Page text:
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Sunday, August 20, 2017

Blow to IEBC as High Court nullifies presidential ballot paper tender

A file photo of voters marking their ballot papers at a polling station in Mukuru Kwa Njenga slums, Nairobi. /CHARLES KIMANI
A file photo of voters marking their ballot papers at a polling station in Mukuru Kwa Njenga slums, Nairobi. /CHARLES KIMANI

The High Court has ordered IEBC to halt the printing of presidential ballot papers and issue a fresh tender 30 days to the general election.

A three-judge bench on Friday nullified the tender that was awarded to Dubai-based firm Al Ghurair, saying IEBC failed to follow the laid down procedure.

In a ruling seen as a victory to NASA, the court directed the electoral agency to identify a new supplier to print ballots for the presidential vote.

But IEBC's lawyer Kamau Karori said the agency cannot commence fresh tendering due to costs, adding that they will seek an appeal against the ruling.

Lawyer Waweru Gatonye who represents the interested party also supported Karori’s application saying that the court should suspend the immediate implementation of its order awaiting appeal.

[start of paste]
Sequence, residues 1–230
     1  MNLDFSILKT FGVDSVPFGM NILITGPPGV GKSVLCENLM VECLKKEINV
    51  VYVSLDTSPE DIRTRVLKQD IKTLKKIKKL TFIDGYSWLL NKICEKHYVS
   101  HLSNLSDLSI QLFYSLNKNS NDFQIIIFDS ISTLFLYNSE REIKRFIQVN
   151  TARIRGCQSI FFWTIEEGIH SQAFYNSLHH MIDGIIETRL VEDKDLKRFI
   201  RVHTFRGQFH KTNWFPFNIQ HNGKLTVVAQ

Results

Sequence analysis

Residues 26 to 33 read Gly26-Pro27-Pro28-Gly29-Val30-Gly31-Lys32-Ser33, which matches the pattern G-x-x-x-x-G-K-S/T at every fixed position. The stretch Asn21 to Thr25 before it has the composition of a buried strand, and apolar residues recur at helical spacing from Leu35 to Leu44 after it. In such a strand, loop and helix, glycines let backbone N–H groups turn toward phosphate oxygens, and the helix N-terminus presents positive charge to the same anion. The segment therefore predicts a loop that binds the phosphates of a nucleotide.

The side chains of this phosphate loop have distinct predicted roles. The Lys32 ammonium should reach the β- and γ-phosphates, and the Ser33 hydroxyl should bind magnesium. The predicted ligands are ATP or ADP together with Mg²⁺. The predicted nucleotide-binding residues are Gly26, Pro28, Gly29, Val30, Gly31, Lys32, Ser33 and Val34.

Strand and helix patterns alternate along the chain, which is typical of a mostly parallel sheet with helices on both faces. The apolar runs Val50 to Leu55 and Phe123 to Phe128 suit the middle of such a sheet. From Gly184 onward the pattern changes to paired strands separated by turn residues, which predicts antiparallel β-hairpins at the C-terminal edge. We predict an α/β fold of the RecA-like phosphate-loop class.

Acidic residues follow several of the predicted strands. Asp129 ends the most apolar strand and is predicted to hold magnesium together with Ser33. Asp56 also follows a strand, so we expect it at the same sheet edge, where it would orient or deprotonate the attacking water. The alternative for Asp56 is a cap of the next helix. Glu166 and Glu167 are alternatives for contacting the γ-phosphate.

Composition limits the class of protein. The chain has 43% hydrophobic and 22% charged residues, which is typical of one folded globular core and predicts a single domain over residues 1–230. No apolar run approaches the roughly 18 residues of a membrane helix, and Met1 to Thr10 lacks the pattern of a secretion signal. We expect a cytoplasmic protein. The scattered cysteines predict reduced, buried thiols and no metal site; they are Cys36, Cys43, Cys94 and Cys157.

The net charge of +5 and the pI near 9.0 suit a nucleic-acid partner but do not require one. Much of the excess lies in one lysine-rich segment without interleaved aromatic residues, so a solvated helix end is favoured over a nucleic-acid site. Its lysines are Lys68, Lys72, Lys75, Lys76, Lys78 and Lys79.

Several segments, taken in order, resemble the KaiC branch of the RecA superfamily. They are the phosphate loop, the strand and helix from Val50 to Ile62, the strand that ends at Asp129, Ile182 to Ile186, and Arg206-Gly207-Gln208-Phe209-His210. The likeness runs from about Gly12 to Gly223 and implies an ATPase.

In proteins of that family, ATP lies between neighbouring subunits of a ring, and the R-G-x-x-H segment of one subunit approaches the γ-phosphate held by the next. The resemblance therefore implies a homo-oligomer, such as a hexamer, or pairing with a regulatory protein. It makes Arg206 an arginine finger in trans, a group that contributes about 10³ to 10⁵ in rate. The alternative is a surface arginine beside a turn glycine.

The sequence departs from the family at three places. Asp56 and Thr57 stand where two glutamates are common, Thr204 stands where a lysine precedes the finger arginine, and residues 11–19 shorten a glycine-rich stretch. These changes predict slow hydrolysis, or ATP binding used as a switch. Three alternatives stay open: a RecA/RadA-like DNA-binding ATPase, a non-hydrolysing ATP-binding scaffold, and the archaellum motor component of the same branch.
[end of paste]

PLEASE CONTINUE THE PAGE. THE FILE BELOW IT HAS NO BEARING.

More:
This comes even after the Dubai firm said it has already done 80 per cent of those to be used in the Governors' contests.

Al Ghurai also said that 25 per cent of those for Woman Rep positions have been printed, its lawyers said on Tuesday at the beginning of hearings on a NASA petition.

Read: Al Ghurair says it has printed 80% of ballot papers for Governor race

In their submissions, defense lawyers further said the commission has received approvals to print ballot papers for governor, senator, and woman MP and is awaiting the approval for others.

"It is worth noting that 80 per cent of the governor ballots and 25 per cent of the woman representative [post] were completed by the time of swearing this affidavit," they said.

They added the electoral agency has committed a huge amount of resources into the procurement of ballot papers and other raw materials which typically constitute 85 per cent of the production cost.

The Dubai firm was to print about 130 million ballot papers for the August 8 polls

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